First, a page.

Quick Take Tuesday, a blog of tasteful, yet shameless, self-promotion involving an author or someone of equal social standing. I ask two questions, and then my guest turns the table and asks me two questions, as long as they don’t involve pounds or pant size.
Q) There are a gazillion accolades out there for you from The New York Times to Publishers Weekly. You wow people in classrooms. You woo people on book tours. You are called a “powerful new voice in fiction” because you write about thugs, druggies, smugglers and sultry red heads. Yet you also write so lovingly about the people, and pets, in your life! Break it down for me.
A) Not sure I’m a “new voice” anymore, since I’ve been around since 2002, but I’m still relatively unknown – a charter member of the Highly Respected and Widely Unread. Being compared to Graham Greene and Robert Stone only helps if people know who they are. I write about the stuff that interests me and about which I can make some small claim to authority. I was a PI – or a dick, as you so delicately put it – for about 15 years, and I saw a slice of life that a lot of people don’t see. Given that background, there’s little point me writing about nouveau cuisine chefs or origami aficionados – unless they’ve been indicted.
Q) I’ve heard it said that your readers get grit in their eyes from your stories. But that’s must be better than a glazed look, non? How do you keep it live, fresh and cutting edge? And how do you get so many single women to come to your book readings?
A) Well, you’re never more attractive than when you’re unavailable. My current Brainy-Babe-of-Interest is a filmmaker who does documentaries, and I’m smitten. (You'll have to ask her if it's mutual.) She’s been all over the world filming everything from lesbian macaques to the widows of Russian submariners to artificial walrus vaginas (did you know that male walruses get aroused by the sound of power tools?).
As for keeping it real, you develop an intuition as a writer, a sense of when you’re close to the bone as opposed to just flogging the keyboard. I think every writer relies on that instinct, bred from the key moments in his or her own life when the expected vanished and suddenly it was: What-the-Hell-is-Going-On? I’m no different than any other writer in that regard. It just happens that some of my key moments involved people trying to run me over, lie to me, extort my client, or otherwise make my life miserable. Or over.
But to be totally honest, I don’t think my PI experiences have any more to do with my artisitic vision than the premature deaths of my brother and wife or my rebellion against the role of doting/complicit son to my sweet, fiery, alcoholic mother. And playing in a bar band in my late teens had no small part in wising me up. I’ll be tapping into all of that until death puts me out of everyone else’s misery.
//BUZZER NOISE AND SOUND OF TABLE BEING TURNED//
Q) Okay, your turn, Laura. You and I have both been out there on the mean streets, with the job of getting the goods, and getting them right – making stuff up was a cardinal sin. How have you adjusted to the freedom – and the terror – of working without a net, i.e., writing fiction?
A) I pride myself on the fact that I never, not once, missed a deadline in my decades in the news business. And I never made any terrible factual errors. So, it’s a huge sigh of relief for me to not live like that now, all that double, triple, quadruple cross checking and confirming. Yet at the same time, you can’t always say what you learn in the news biz. It’s often on background or off the record. Or it’s delicious but not newsworthy: the anchorman with the restraining order against him, the news director with his pants down around his ankles and his wife’s friend on the hood of the car. Juicy stuff like that (and yes, I know names!) Now, with fiction, I am free. I can report or say things I have never been able to. In fact, I have sentences and dialogue in Finding Clarity that really came out of people’s mouths that gets safely stirred up into a composite in my fiction. My beta readers have said to me: No one would ever say that! Oh yes, they do and yes they have! And I relish this new freedom to be able to type it out and put it on the record.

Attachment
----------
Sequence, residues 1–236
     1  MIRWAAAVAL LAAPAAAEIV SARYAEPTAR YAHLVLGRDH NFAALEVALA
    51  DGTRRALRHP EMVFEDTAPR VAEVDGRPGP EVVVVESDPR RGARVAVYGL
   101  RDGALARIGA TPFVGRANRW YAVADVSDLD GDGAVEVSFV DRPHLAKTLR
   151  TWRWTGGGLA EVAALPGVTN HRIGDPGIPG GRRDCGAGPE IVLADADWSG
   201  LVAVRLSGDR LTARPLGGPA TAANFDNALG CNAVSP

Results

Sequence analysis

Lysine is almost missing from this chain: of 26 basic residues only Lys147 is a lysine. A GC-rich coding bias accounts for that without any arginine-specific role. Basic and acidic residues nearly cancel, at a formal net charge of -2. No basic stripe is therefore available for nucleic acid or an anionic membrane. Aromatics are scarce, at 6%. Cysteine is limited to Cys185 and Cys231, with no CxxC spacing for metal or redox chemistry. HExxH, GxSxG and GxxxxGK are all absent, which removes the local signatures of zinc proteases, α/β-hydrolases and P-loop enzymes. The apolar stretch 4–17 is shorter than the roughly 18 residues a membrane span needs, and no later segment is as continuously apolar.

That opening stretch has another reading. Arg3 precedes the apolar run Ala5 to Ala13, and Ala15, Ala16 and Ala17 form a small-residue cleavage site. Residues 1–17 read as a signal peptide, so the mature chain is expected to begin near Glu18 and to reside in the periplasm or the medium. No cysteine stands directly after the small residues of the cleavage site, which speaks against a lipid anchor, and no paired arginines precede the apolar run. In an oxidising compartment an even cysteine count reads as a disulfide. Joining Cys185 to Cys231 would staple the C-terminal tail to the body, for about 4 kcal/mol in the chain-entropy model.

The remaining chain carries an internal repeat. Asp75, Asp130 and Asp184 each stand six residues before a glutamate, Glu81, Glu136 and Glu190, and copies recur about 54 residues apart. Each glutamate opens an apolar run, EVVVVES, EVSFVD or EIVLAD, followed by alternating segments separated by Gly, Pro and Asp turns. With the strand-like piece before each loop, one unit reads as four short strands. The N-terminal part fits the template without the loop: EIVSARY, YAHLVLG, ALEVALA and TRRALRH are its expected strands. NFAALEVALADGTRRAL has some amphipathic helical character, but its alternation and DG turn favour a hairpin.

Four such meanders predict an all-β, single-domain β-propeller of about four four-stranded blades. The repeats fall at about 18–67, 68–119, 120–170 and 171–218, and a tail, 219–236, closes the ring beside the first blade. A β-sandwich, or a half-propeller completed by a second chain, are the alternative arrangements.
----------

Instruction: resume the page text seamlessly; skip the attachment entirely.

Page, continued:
Q) Another point of similarity between us – we’ve both endured some reasonably heavy personal adversity in our lives. And yet we’re also both pretty cheerful people. Where does that resilience come from, and how has it worked its way into your writing? Has it saved you from bathos? Has it sharpened your eye, quickened your wit, or hardened your heart?
A) We have, haven’t we? I always say the worst things that have happened to me, are also the best things that have happened to me. That’s because I always grow and come out on the other side a wiser and better person. It must be hard wired into us because other wise we buckle and fold, and that’s never been an option for me. The struggle can be horrendous, but I don’t think we learn without getting kicked in the teeth. And since I am such a resilient person, I still find beauty and joy in what I have here and now. I mean, what else am I going to do? Give up and stop breathing? And so I think, or at least I hope, that I have taken the pain, the resolve, the fury and the fun and given them over to Clari Drake, my protagonist. Sure she’s shallow at times, which I believe keeps her from drowning in a tub of bathos. But she’s also insecure, feisty, funny and out to get some people. And that makes her a highly loveable but unlikable, and deeply flawed woman. Sounds like someone I know, as a matter of fact!
//BUZZER NOISE AND SOUND OF AMAZINGLY LOUD APPLAUSE//
Thank you for joining me on Quick Take Tuesday David Corbett, phenomenal and prolific writer, teacher, dog lover, walrus admirer, and private investigator, which means I can truthfully say he used to be a real dick! Please come back and fill me up, so to speak, with some of your work for my Friday Feature!